Risk Management in Networked Production - Dangerous Side Effects

Networking poses new risks in production companies. But few companies have a systematic approach for dealing with this. This means every IT system fault has the potential to bring entire production operations to a standstill.

At East Westphalia-based family-run company Schwering & Hasse Elektrodraht this networking is now a reality: the new world of Industry 4.0. Here, 300 production machines are connected to a central management system, sending several thousand datasets per second. The entirety of manufacturing operations is monitored from a central point. If, for example, the temperature of the furnace system is not quite right, or the coating of the copper wire being produced is too thin, the associated software sounds the alarm immediately.

This technology allows the company to manufacture to a consistently high quality level. Ever-increasing cycle rates have given rise to a need for automation - with production speeds of up to a thousand metres of wire per minute, manual checks would inevitably be patchy. But nothing gets past the sensors on the machine. “Our quality assurance is cutting-edge”, says Managing Director Andreas Levermann.

But networking has a darkside too. Every IT system fault now has the potential to bring entire production operations to an immediate standstill. And the new data pool reveals a lot about company’s know-how - devastating, if it were to end up in the wrong hands. Levermann relies on a preventative approach: “We check the security of our production on a regular basis. One of the ways in which we do this is by simulating hacker attacks.”

Many companies treading the path of networked production are far from adopting as pro-active an approach. Experts warn of a widespread lack of any systematic approach to dealing with the risks. IT security is just one aspect in this - for example, the increased use of robots brings with it the emergence of new occupational safety risks. There is also a need for economic and strategic considerations. “Companies would be well-advised to bring their risk management into line with Industry 4.0 ahead of time”, says Dirk Schäfer, Managing Director of Kerkhoff Consulting.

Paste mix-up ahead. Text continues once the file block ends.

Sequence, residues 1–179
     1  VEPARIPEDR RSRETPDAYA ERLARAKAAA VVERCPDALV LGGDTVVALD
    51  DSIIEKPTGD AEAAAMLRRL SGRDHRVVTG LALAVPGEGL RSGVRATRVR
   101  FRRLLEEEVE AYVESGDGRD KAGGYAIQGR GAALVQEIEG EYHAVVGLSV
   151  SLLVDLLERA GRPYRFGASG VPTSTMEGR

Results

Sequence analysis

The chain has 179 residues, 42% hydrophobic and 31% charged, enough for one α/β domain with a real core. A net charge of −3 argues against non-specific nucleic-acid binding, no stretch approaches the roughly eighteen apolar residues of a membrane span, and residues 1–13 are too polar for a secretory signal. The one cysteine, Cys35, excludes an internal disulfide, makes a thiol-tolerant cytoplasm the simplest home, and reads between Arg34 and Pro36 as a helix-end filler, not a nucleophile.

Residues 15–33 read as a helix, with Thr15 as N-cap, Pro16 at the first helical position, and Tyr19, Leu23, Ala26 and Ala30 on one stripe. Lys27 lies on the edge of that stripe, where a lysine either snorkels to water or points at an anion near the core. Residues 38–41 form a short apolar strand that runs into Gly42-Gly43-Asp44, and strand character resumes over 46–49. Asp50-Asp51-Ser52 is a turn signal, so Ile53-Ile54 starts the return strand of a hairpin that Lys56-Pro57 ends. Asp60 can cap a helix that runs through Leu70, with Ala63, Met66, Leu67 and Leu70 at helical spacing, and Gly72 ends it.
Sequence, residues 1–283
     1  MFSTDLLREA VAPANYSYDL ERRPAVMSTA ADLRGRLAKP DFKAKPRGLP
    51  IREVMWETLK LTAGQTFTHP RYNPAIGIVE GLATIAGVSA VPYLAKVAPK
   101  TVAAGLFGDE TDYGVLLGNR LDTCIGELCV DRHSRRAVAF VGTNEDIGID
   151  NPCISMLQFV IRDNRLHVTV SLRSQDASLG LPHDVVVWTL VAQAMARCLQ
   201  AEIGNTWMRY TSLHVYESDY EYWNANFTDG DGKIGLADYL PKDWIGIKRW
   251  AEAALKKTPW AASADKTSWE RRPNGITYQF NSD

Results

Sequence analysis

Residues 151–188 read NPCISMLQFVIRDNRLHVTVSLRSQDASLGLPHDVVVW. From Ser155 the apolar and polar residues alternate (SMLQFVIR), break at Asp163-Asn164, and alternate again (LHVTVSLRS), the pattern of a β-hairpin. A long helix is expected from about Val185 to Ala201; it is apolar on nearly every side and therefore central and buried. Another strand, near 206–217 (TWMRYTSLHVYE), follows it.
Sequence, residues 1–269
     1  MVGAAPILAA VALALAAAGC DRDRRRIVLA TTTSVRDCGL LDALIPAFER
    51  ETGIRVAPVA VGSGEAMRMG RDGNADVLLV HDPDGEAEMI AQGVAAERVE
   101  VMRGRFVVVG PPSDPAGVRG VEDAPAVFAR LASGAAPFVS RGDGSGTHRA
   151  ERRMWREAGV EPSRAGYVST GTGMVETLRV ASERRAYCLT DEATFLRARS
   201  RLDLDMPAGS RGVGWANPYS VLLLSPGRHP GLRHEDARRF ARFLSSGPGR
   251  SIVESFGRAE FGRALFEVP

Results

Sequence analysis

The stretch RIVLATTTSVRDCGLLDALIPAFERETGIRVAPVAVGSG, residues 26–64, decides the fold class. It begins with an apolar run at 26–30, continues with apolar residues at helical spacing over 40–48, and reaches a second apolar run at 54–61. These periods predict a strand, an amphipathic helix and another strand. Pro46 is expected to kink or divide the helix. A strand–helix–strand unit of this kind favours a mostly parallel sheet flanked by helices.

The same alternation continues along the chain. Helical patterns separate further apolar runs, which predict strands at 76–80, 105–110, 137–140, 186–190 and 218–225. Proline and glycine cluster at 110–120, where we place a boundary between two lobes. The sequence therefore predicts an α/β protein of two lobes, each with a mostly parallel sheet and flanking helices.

“The first question should be, what will my business model look like in 2025”, says the consultant. After all, the digitisation of all branches of industry is placing new demands on physical products too - even making them redundant in extreme cases. “Many companies underestimate the risk that their product could be replaced with a smartphone, like a car-park ticketing machine in the age of the mobile ticket.”

Separate areas of protection needed
Only once a company’s own product is shown to be future-proof in strategic analysis will the technological switch to Industry 4.0 be worthwhile. This does, however, increase dependency on IT systems - which triggers uneasiness in many companies, this was one of the findings of a survey conducted by industrial insurance broker Marsh: 79 per cent of the 260 companies surveyed in Germany stated that an operational or system disruption posed the greatest cyber risk to them.

Yet, despite the scenario being present  - the consequences of such a halt in production are often misjudged, observes Marco di Filippo, security expert at the IT service provider Koramis. Many assume that they could cope financially with a shutdown in operations lasting anything from a few hours to a few days, he says. Often however it is only the shutdown in production which is taken into account, says di Filippo. The fact that subsequent costs can also be involved, is demonstrated in an example from Canada. There, a cookie factory fell victim to a cyber attack. The hackers meddled with the control software in such a way that the dough got stuck in the pipes and needed to be painstakingly cut out.

Many managing directors are also guilty of misunderstanding the risk of attracting the attention of hackers. Many say: “there’s nothing to gain from us, we aren’t worth targeting”, reports di Filippo. But that’s not the way the logic of the hackers works: they attack in the path of least resistance, says di Filippo. He goes on to compare them with bank robbers: “They wouldn’t pick the central bank as a target if they knew of far easier opportunities in a small bank branch out in the country.”

If a hacker gets into the computer system in the first place, he/she can often move freely within it. “Often there is a lack of segmentation”, says di Filippo. This protects individual production sections separately - as would be the case with locked rooms within a house. “But many companies are under the illusion that they are protected as long as the front door is locked”, says the expert. He recommends changing IT security service provider every two years in order to gain a fresh insight into your own security architectures.

However, he stresses that it is not just the dangers from outside that risk managers should bear in mind. The new production logic of Industry 4.0 poses new requirements in terms of occupational safety too. “Increasingly, manufacturing companies are producing custom products with a rapid turnaround”, says Arndt Christ, Head of Customer Service with automation specialist Pilz. The result? More and more robots are being used, rigid production lines are being broken up. “This poses new safety risks in production”, confirms Christ.

The company offers a solution whereby man and machine can work together in safety without the usual protective guards. This is based in optoelectronic sensor technology: Equipped with these sensors, the robot detects when a flesh-and-blood worker is approaching. Once a certain distance is exceeded, the robot works with only so much dynamism so as not to injure the anyone. If necessary, it is brought to a complete stop. “The risk of occupational accidents is reduced to a minimum”, says Christ.

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